The recent exposure of the killing this summer of Al Qaeda’s No. 2 in a Tehran suburb by Israeli agents working at the behest of the United States could also make it harder for Mr. Biden to maneuver. Mr. Trump is even said to have considered a strike on Iran’s nuclear facilities before leaving office, but was dissuaded from such a step to avoid the risk of a broader conflagration.
The Trump administration has benefited Israel as well as its Gulf allies. Overturning decades of American diplomacy, Mr. Trump recognized Israeli sovereignty over the Israeli-controlled portion of the Golan Heights, captured from Syria in the 1967 war.
The United States under Mr. Trump also recognized Jerusalem as Israel’s capital, despite Palestinian claims to the eastern portion of the city. Mr. Trump’s administration further declared that it no longer considered Israeli settlements in the West Bank as necessarily a violation of international law, defying international consensus.
It is possible that Mr. Pompeo will visit both the Golan Heights and an Israeli settlement in the occupied West Bank before leaving Israel on Friday, flouting longstanding diplomatic convention, though American officials have so far refused to confirm any details of his itinerary.
The latest events along the Golan frontier highlighted the volatile conditions there, with Israel directly engaging with Iranian forces, who have intervened in Syria’s civil war, several times in recent years.
Amos Yadlin, a former Israeli military intelligence chief who now directs the Institute for National Security Studies at Tel Aviv University, said on Wednesday that the Israeli airstrikes were a message to the Iranians that any restraint on Israel’s part is over.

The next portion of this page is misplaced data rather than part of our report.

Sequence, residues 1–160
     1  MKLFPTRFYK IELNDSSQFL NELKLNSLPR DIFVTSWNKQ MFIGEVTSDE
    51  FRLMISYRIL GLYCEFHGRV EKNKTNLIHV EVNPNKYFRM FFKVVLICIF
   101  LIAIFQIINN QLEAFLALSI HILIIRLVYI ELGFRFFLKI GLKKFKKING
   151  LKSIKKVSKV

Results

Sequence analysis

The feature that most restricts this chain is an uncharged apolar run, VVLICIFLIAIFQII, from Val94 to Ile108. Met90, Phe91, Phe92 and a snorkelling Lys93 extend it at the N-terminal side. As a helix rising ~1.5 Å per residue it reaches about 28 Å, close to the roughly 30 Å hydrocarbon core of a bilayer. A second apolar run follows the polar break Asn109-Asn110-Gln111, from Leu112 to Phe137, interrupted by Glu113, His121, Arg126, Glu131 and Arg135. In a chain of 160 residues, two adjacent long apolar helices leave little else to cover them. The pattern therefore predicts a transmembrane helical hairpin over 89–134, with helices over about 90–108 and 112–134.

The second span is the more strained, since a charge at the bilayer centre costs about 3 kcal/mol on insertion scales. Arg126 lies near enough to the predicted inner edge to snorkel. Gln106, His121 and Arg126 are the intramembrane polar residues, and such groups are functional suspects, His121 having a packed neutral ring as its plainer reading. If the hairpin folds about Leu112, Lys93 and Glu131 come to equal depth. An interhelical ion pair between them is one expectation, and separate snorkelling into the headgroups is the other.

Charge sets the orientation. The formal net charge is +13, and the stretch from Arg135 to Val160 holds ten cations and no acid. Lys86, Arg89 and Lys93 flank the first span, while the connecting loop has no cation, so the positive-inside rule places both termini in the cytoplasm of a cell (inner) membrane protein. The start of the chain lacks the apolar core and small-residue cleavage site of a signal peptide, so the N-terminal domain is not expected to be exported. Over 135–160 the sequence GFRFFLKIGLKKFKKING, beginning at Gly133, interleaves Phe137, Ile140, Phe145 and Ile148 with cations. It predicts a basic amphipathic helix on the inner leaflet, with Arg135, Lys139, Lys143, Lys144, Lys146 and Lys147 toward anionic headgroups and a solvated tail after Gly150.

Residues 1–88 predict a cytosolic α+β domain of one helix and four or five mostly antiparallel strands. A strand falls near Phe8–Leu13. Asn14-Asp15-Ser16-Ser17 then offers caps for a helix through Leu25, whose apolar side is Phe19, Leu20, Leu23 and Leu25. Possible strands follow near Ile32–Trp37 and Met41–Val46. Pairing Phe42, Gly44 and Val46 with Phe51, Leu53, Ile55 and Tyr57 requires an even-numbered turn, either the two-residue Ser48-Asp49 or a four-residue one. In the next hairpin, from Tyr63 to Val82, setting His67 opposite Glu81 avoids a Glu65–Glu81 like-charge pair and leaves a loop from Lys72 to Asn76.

He predicted the Iranians would be cautious about responding in the final weeks of the Trump administration. But he warned in series of posts on Twitter: “The campaign against Iranian entrenchment began before the Trump administration and will continue after it.”
The antipersonnel mines were planted sometime in the last few weeks by local Syrian operatives acting under the guidance of the Quds Force, the branch of Iran’s Islamic Revolutionary Guards Corps that is responsible for foreign operations, according to Lt. Col. Jonathan Conricus, a spokesman for the Israeli military.
The mines were found on Tuesday, he said, in almost the same spot where Israeli troops ambushed four militants as they planted bombs in early August and close to an Israeli military position. That previous time, Israel carried out airstrikes against targets in southern Syria belonging to the Syrian military.
“Obviously, the message didn’t sink in,” Colonel Conricus said.
Before dawn on Wednesday, Israel struck about eight targets ranging from the border area to the outskirts of Damascus, the Syrian capital. They included a facility that hosts senior Iranian delegations in Syria, a Syrian army base used by the Quds Force, and advanced surface-to-air missile batteries after they fired at Israeli aircraft, according to the Israeli military.
Syria’s state-run news agency, SANA, cited an unidentified military source as saying that three soldiers had been killed and a fourth wounded in the Israeli strikes, and that Syrian air defenses had downed some of the Israeli missiles.
The Syrian Observatory for Human Rights, a London-based war monitor, said that in addition, five members of the Quds Force, presumably Iranians, were killed along with another two militiamen of unknown nationality. There was no immediate way to corroborate those figures.